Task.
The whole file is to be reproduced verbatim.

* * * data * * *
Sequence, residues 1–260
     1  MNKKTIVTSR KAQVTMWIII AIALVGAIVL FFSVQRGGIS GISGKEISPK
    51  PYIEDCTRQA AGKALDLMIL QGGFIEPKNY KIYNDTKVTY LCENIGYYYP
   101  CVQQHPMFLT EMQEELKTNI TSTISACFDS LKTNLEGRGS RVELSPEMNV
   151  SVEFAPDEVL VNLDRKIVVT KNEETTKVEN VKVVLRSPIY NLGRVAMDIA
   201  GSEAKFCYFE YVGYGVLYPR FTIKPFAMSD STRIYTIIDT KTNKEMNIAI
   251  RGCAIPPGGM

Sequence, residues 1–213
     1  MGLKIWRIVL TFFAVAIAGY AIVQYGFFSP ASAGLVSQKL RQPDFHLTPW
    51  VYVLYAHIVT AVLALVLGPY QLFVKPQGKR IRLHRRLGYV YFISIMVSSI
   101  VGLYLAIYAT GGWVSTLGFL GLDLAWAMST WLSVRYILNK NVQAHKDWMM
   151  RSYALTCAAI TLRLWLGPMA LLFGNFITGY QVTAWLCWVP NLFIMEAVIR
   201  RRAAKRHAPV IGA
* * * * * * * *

Sequence, residues 1–260
     1  MNKKTIVTSR KAQVTMWIII AIALVGAIVL FFSVQRGGIS GISGKEISPK
    51  PYIEDCTRQA AGKALDLMIL QGGFIEPKNY KIYNDTKVTY LCENIGYYYP
   101  CVQQHPMFLT EMQEELKTNI TSTISACFDS LKTNLEGRGS RVELSPEMNV
   151  SVEFAPDEVL VNLDRKIVVT KNEETTKVEN VKVVLRSPIY NLGRVAMDIA
   201  GSEAKFCYFE YVGYGVLYPR FTIKPFAMSD STRIYTIIDT KTNKEMNIAI
   251  RGCAIPPGGM

Sequence, residues 1–213
     1  MGLKIWRIVL TFFAVAIAGY AIVQYGFFSP ASAGLVSQKL RQPDFHLTPW
    51  VYVLYAHIVT AVLALVLGPY QLFVKPQGKR IRLHRRLGYV YFISIMVSSI
   101  VGLYLAIYAT GGWVSTLGFL GLDLAWAMST WLSVRYILNK NVQAHKDWMM
   151  RSYALTCAAI TLRLWLGPMA LLFGNFITGY QVTAWLCWVP NLFIMEAVIR
   201  RRAAKRHAPV IGA